by Rob Simpson
The state of modern horror is far from healthy. It’s not even May and we can count on one hand the number of horror films released. Not only has 2011 been a slow year for Horror fans, those films that have been released are poor. I would stretch that statement further still and say that collectively speaking modern horror is in terrible condition and this is best expressed by that which is popular. The most successful exponents of the genre have been torture porn and found footage, with the success stories being Saw and Paranormal Activity. Ironically both these film series were produced or directed by the same people who made the latest horror to the see light of day Insidious – the first true horror film of 2011.
Josh (Patrick Wilson) and Renai Lambert (Rose Byrne), along with their three children move into a new home to start life afresh. Unfortunately there is something amiss with the house, things are moved and the family is suffering from the unnerving sensation that they are being watched, but they write it off and they continue to settle into their new home. One morning, a few days into their new life and their son, Dylan, cannot be woken up. Worried about this, Josh and Renai take their son to hospital where Dylan’s condition confuses the doctors as he is not in a coma, he is in perfect condition. Instead of being in a coma, Dylan cannot be woken. It’s a mystery why this is happening. Not only is Dylan dead to the world, he is being haunted by some rather malevolent beings.
As a genre picture, Insidious can be compared to Duncan Jones’ Sci-Fi opus Moon. It may be a strange comparison to make, but Moon was far from original, it used countless plot devices and references and formed them into a new beast. Insidious does the same for horror films, on the face of it’s about a haunted house, dig deeper however and you will see an amalgamation of The Amityville Horror, Poltergeist and Nightmare on Elm Street, along with a rather healthy nod to the zombie genre too. Despite all these references it never detracts from the enjoyment of the film, Insidious is a cine-literate joy in the same way that Moon was.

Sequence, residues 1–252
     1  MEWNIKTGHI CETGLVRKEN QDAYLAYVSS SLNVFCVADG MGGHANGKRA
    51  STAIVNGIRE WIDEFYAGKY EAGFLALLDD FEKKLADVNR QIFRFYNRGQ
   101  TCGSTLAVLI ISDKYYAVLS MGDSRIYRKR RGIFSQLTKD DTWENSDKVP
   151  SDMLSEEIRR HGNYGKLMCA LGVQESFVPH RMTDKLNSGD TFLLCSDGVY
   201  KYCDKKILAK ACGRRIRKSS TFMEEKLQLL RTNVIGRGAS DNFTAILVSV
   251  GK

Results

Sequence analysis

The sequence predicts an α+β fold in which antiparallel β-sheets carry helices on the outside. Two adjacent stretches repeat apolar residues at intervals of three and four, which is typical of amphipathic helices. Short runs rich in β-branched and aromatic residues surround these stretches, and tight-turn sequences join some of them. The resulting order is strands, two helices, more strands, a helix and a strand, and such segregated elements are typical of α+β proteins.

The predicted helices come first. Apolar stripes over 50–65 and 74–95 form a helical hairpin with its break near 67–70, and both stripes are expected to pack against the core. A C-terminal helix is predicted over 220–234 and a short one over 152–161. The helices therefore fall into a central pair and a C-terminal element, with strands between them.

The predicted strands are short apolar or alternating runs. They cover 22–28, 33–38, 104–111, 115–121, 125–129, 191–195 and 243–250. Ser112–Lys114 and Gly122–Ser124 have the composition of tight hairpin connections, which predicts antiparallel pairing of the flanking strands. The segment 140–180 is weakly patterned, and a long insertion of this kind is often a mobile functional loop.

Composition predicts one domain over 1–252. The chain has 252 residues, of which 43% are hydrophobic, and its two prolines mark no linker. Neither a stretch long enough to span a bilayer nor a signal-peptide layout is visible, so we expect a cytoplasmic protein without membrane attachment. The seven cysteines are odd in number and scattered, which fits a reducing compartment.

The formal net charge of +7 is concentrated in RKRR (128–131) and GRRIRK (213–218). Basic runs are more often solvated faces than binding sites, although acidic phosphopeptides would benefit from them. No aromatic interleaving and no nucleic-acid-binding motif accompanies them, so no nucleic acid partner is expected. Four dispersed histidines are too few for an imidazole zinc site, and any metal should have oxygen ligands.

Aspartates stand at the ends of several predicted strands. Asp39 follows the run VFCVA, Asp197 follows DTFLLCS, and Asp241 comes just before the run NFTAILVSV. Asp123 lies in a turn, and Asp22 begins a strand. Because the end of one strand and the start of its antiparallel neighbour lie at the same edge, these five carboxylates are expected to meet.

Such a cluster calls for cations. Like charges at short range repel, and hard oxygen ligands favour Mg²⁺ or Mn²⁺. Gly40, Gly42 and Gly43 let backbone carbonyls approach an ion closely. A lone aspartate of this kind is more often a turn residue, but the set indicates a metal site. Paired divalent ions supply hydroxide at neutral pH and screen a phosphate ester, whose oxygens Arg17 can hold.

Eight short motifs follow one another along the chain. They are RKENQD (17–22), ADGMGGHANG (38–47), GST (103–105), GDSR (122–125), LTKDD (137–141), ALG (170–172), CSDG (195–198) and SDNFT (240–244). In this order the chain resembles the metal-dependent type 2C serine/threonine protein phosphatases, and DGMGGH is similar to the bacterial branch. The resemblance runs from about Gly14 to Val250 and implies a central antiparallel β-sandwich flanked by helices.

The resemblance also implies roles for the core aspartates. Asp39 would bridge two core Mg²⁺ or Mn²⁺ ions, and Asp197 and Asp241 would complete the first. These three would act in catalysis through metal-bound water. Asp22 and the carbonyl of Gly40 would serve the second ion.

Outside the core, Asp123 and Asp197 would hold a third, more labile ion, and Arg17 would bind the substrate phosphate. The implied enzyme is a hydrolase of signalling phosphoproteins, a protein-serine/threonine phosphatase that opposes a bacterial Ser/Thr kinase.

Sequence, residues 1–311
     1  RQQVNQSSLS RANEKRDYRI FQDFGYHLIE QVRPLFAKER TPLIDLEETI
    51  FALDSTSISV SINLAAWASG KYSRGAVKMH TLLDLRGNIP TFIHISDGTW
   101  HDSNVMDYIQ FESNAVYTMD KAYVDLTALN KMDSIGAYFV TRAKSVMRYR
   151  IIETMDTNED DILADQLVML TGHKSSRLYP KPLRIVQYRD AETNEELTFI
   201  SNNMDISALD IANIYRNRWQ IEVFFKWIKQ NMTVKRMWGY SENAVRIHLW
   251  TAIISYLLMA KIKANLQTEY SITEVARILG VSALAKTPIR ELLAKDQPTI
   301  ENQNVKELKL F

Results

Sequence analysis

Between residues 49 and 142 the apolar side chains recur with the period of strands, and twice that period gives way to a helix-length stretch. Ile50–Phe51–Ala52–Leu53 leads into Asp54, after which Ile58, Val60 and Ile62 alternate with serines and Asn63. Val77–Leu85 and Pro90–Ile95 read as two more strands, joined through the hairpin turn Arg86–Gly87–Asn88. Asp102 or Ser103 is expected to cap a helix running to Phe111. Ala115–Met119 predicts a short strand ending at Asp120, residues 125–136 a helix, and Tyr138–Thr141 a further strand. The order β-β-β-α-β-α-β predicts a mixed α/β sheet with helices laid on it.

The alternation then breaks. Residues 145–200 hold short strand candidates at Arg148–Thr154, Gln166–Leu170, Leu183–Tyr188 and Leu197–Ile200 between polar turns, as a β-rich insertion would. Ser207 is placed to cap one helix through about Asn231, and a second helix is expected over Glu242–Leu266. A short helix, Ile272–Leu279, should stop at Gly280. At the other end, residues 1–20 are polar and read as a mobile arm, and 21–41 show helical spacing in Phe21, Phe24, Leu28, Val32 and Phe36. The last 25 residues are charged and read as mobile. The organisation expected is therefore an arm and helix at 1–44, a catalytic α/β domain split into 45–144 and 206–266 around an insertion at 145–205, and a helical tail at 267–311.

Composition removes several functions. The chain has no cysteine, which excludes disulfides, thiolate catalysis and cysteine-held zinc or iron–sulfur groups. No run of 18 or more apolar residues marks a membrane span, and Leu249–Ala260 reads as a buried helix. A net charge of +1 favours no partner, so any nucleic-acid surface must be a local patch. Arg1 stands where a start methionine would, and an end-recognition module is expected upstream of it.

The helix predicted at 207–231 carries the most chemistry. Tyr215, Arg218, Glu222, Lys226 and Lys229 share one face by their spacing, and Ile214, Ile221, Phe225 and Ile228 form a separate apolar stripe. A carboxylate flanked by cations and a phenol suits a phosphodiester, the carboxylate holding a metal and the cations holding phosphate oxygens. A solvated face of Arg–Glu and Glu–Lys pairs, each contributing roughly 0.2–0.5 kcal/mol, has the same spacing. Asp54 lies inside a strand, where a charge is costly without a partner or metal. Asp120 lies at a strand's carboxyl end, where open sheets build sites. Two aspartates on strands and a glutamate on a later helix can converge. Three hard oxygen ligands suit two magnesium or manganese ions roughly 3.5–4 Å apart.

James Wan might not have created a film which could be described as original, but in Insidious he has created a film which succeeds where all of the other horrors of the year have failed. This isn’t just a scary film, it’s terrifying and it’s through the establishment of this world he has created a cinematic treat that is utterly captivating. This is achieved by ignoring the modern tropes of horror. The biggest way in which we depart from modern standards is through the lack of soundtrack scares. Sure, they are still there but instead of leading you into a corner before trying to make you jump, it uses a subtle and underplayed soundtrack to amplify the films more unnerving moments. Funnily enough, the same instrumentation announces the arrival of the title card.
Inside the constraints of the film however we find that the director has created one of those rare occasions where we have a horror film that is just as eager to develop an atmosphere as it is hunt for jumps. The colour of the film is bleached and the film only makes itself heard when it wants to announce the arrival of the film’s most grotesque characters. It’s through these means that the film has a very naturalistic vibe. There is a sense of normality which is established and invaded on innumerable occasions which collectively left me a bag of nerves. It’s through this unpredictability where the film excels.
The film takes breaks from the overwhelming atmosphere every now and again through comic relief. Others may welcome the break from the relentless, me on the other hand, I felt as if it unnecessarily distracts your attention. As a horror this is a terrifying experience, and for it to be terrifying that has to mean that you are completely enthralled by what’s going on on-screen and when the two men who accompany the films source of exposition (in Elise Lin Shaye) they do their best to the dilute the experience. I may have occasionally laughed at their exploits but the truth remains that these two were unwanted elements of the film. Even without their inclusion the film has a strong enough sense of humour even in the face of the horrific so as to not take itself too seriously. Without these sporadic moments, I fear this would have been an unbearable watch during the middle third and climax.
The occasions where the film strays from the path hand in hand with the idiotic distractions are infrequent so they aren’t enough to damage the experience. When the film returned to its intended path we become victim to the uncertain. The scares that follow come from a sea of horrid in the varying shape of large wandering man and a small, laughing child. Don’t let the descriptions distract you – none of the apparitions are anything less than terrifying. The biggest scares come when the soundtrack comes to the foreground to accompany the arrival of a monster. The soundtrack in question varies between cracking class and sharp strong bursts of a violin, like Psycho turned up to 11. This monster may look like Darth Maul’s creepy uncle, but when his arrival is so sudden and with such a lack of pretentiousness he made me jump more times than I would care to mention.
In Insidious there has been a bench mark set for 2011’s Horror films. The exposition and elaboration might dilute the scares a little, but this is still a brilliant film that is evocative of the golden era of American Horror in the 1970s. This is a well acted and pure expression of on screen terror even with the dubious closing scene. Watch it.